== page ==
Procter & Gamble has grown its earnings-per-share by ~2% annually over the last decade, which was a quite weak growth rate. During these times Procter & Gamble endured a strategic repositioning that included the sale of many business units and brands with low or even no growth, and where margins were not high enough for them to be attractive. Procter & Gamble has lowered its brand count by two-thirds over the last decade, and is now positioned in fewer markets, but with a more focused and more attractive portfolio of brands and products. This should lead to somewhat higher growth rates going forward.
Through inflation, some growth in the amount of goods that Procter & Gamble sells (due to market share gains and/or growth in the underlying market) and the impact of operating leverage (rising margins) and share repurchases, Procter & Gamble should be able to grow its earnings-per-share at a mid-single digits pace going forward, we believe. Procter & Gamble guides for earnings-per-share growth of 5.5% during fiscal 2019, which shows that a ~5% long-term earnings-per-share growth rate seems like a realistic assumption.
Valuation, Dividends, And Expected Returns
Procter & Gamble trades at $92 right now, which means that shares are valued at roughly 20.7 times 2019’s expected net profits right now. Unlike the broad market, which has declined substantially over the last couple of months, Procter & Gamble’s shares are trading at a slightly higher price than they did one year ago, and just a couple of percentage points below the 52-week high. Procter & Gamble’s current valuation seems relatively high, as Procter & Gamble is not a high-growth stock, and yet the company’s shares trade for more than 20 times this year’s net profits. Procter & Gamble’s stability during recessions and troubled times is a reason for a premium relative to how shares of other low-growth companies are valued. Over the last decade its shares have been trading at ~19 times profits on average, which means that shares look slightly overvalued compared to the historic norm.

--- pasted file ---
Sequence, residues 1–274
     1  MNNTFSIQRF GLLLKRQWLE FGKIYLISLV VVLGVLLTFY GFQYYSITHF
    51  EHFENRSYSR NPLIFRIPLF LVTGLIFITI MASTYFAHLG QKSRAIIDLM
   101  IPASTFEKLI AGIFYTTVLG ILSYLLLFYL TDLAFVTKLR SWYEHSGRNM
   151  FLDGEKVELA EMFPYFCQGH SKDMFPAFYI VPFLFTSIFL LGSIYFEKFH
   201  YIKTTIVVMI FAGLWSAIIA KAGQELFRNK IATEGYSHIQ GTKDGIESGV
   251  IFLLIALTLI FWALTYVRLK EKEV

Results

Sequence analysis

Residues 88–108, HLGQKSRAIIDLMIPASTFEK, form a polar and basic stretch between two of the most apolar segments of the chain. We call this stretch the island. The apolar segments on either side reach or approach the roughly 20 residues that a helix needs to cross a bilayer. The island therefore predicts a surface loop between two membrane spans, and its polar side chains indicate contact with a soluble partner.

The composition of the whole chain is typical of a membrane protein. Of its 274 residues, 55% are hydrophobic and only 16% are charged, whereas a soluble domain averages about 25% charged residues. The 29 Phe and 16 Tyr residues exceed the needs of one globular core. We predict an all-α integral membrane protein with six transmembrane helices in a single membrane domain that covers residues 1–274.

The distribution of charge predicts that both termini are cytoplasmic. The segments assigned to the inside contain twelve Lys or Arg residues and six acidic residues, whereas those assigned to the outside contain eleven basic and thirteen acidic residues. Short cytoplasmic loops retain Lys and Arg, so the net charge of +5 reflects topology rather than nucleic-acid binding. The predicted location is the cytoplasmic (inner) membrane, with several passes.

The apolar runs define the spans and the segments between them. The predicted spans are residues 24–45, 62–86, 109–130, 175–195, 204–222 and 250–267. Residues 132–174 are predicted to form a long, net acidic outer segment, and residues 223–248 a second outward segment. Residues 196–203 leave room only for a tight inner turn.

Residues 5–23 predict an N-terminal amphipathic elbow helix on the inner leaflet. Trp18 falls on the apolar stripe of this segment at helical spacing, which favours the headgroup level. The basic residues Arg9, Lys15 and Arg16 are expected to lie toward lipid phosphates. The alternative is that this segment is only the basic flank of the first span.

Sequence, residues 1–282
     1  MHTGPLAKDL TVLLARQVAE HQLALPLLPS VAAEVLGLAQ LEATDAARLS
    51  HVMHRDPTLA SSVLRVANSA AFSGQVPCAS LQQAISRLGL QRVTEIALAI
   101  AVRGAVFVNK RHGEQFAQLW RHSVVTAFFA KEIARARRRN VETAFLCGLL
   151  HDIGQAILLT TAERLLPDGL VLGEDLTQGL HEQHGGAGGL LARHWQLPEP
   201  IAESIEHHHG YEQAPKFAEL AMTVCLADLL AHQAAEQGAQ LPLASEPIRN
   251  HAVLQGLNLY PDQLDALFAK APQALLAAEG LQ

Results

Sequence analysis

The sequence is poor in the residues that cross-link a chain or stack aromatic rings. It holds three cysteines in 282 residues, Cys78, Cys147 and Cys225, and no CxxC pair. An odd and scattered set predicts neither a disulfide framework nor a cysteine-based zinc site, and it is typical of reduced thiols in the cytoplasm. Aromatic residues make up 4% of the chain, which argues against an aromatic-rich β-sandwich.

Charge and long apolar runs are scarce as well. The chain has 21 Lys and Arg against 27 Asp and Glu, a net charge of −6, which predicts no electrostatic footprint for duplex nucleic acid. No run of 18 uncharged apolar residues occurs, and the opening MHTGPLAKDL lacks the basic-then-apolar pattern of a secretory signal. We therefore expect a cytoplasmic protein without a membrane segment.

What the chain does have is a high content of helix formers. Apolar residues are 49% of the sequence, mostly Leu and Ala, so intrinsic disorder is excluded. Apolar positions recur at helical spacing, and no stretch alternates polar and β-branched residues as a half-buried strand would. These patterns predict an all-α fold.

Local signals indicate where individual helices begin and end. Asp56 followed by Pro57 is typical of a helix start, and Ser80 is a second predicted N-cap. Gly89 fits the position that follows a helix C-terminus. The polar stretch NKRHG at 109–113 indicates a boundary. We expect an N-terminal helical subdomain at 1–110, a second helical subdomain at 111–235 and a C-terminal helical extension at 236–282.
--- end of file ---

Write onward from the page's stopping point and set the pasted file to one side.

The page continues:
Procter & Gamble’s dividend yields 3.2% right here, which is roughly one and a half times as much as the broad market’s yield. Procter & Gamble has made three dividend payments at $0.717 per share, which means that the company will most likely raise its dividend in the foreseeable future (usually Procter & Gamble raises the payout in April). Last year Procter & Gamble increased the payout by 3.9%, which is roughly twice as much as the rate of inflation.
Through a combination of earnings-per-share growth, partially offset by multiple compression towards the historic norm of a price to earnings ratio of 19, and through its dividend Procter & Gamble should be able to produce total returns of roughly 6%-7% annually going forward from the current level.
Procter & Gamble is a consumer goods giant that has a successful track record. The company is not a high-growth company, but could still produce solid total returns. We think that buying shares below our fair value estimate of $84 is attractive, whereas shares look more like a hold in the low-$90. The above-average valuation will be a headwind for Procter & Gamble’s total returns over the coming years, but returns should still be solid, and Procter & Gamble is a low-risk investment that provides stability to a portfolio during times when the market is shaky.